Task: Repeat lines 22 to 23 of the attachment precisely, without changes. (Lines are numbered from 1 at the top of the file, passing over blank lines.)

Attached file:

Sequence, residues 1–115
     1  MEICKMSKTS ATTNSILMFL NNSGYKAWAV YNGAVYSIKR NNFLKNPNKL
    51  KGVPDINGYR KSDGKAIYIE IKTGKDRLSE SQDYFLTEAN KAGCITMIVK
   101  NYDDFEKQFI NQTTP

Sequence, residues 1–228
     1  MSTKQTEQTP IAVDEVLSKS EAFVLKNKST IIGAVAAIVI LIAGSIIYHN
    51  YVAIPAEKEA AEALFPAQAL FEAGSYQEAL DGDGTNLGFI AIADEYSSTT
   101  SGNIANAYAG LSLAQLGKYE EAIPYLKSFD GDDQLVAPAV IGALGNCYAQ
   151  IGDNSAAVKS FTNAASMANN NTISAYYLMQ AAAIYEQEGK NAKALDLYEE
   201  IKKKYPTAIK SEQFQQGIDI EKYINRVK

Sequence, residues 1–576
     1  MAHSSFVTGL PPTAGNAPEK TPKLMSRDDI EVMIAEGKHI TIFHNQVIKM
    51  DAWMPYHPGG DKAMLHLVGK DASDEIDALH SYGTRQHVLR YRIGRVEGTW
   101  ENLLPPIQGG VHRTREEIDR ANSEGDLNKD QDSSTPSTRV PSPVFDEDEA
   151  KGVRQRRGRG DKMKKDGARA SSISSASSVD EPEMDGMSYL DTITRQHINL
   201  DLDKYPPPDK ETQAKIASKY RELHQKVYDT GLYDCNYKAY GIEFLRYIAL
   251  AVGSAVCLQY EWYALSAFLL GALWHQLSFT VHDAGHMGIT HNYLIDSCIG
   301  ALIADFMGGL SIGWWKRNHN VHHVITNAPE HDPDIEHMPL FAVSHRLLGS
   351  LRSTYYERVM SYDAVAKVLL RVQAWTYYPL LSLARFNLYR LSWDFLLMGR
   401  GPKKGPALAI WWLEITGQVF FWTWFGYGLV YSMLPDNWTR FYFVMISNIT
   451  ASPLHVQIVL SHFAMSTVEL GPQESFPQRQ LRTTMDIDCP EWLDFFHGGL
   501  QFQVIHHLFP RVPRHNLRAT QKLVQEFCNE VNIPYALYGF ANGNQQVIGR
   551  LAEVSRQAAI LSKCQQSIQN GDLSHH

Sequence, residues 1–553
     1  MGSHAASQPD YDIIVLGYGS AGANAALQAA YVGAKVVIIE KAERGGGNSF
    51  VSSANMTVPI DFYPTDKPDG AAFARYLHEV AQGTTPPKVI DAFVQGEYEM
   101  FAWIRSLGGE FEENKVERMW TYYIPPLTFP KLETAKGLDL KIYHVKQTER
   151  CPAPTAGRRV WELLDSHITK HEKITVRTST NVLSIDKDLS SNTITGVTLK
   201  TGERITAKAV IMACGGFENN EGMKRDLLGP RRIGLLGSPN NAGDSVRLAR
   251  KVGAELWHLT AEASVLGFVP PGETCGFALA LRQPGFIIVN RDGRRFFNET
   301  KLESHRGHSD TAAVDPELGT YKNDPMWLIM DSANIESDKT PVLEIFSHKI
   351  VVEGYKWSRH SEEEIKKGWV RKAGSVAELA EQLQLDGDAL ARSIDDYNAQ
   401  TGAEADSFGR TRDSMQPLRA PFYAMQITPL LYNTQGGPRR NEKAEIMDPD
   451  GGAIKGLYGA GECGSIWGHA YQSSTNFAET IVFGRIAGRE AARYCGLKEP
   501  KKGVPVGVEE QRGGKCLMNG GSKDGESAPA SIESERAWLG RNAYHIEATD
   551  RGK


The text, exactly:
   501  QFQVIHHLFP RVPRHNLRAT QKLVQEFCNE VNIPYALYGF ANGNQQVIGR
   551  LAEVSRQAAI LSKCQQSIQN GDLSHH